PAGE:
Three reports released last week bolster claims by federal fraudbusters that Medicare home-care providers are fertile ground for their probes.
HHS' inspector general's office released two of the reports. The General Accounting Office released the third.
Medicare spending on home health services has skyrocketed to more than $17 billion in fiscal 1996 from just $2.7 billion in fiscal 1989.
One phase of the government's fraud investigation of Columbia/HCA Healthcare Corp. centers on the company's home-care operations (July 21, p. 2).
In its first report, HHS said about one quarter of all home-care providers it audited had improperly billed Medicare during the 15 months ended March 31, 1996.
The agency's review of Medicare home health claims focused on five states: California, Florida, Illinois, New York and Texas. It was done as part of Operation Restore Trust, an antifraud project launched by HHS in 1995. It since has been expanded to other states and other types of providers.
In its second report, the agency found that in 40% of the Medicare claims submitted by home-care providers, providers were paid improperly during the same 15 months. That resulted in $2.6 billion in Medicare overpayments to home-care providers. About half the improper claims were deemed unnecessary or unreasonable; one-quarter of them were for patients who were not homebound. The remainder lacked appropriate physician orders.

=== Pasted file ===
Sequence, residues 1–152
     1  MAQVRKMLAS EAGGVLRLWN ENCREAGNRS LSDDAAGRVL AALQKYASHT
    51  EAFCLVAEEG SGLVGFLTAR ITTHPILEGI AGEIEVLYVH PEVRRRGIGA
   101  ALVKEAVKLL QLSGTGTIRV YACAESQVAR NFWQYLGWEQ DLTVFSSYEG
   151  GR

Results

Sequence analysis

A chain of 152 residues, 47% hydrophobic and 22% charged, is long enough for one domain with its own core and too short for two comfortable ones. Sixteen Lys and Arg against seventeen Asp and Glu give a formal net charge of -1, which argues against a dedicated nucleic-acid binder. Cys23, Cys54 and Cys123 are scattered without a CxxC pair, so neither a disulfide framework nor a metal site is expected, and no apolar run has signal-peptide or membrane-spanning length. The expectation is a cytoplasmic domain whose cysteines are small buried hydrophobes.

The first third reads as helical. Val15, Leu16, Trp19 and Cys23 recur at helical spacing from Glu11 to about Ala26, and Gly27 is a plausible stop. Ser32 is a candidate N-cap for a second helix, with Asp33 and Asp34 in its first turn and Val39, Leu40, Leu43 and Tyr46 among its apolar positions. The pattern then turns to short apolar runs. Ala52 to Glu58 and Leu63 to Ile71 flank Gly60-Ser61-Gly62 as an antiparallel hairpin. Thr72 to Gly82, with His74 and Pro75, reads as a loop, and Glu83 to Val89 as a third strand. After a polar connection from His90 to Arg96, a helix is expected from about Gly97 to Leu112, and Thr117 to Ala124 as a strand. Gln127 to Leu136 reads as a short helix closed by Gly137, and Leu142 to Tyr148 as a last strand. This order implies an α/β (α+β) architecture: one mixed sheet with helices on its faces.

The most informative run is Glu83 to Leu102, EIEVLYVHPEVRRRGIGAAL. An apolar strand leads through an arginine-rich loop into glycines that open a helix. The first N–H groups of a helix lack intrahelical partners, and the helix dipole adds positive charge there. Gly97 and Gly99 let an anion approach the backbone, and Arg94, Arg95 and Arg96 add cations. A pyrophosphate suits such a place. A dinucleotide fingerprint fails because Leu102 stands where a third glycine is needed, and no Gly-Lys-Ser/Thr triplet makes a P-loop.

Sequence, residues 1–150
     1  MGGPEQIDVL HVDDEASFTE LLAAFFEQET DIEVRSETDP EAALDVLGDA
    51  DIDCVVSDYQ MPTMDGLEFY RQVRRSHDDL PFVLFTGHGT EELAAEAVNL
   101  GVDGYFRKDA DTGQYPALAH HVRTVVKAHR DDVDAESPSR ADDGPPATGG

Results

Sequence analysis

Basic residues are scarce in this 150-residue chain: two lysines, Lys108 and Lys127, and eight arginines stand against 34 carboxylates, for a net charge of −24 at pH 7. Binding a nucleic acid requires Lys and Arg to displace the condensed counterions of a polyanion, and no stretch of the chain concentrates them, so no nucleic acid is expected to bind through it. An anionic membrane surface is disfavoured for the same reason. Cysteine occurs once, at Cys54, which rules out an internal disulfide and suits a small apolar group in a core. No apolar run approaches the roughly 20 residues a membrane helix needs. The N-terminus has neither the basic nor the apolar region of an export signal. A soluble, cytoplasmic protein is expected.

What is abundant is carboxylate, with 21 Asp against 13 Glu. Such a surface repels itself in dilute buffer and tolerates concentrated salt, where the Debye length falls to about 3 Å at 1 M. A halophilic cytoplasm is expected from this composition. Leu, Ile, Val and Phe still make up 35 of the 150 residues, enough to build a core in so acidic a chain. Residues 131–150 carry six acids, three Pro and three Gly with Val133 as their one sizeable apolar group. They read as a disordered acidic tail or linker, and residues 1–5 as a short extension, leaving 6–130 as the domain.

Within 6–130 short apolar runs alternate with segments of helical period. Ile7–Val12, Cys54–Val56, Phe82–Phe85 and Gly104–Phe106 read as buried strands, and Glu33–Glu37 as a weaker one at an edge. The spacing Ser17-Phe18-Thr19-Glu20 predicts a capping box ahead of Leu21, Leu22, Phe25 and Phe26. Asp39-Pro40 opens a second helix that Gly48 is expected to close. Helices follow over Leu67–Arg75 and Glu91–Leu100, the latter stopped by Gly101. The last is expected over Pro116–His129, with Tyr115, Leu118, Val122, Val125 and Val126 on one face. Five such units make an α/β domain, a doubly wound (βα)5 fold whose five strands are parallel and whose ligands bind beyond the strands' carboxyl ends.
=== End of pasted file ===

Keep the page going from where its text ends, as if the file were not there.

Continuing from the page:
The HHS reports were released at a hearing of the Senate's Special Committee on Aging. The panel's ranking Democrat, Sen. John Breaux of Louisiana, said the federal government was not doing enough to audit the home health industry. "Where you have this much money being spent, you have to spend a corresponding amount to ensure that it's being spent honestly," Breaux said.
The HHS reports found essentially the same situation in home care as the GAO found in its own review, according to a GAO official who testified at the hearing.
The GAO also reviewed Medicare's survey and certification process for home health agencies and found there were few requirements on the providers. That, along with lax oversight, opened the door to unscrupulous operators.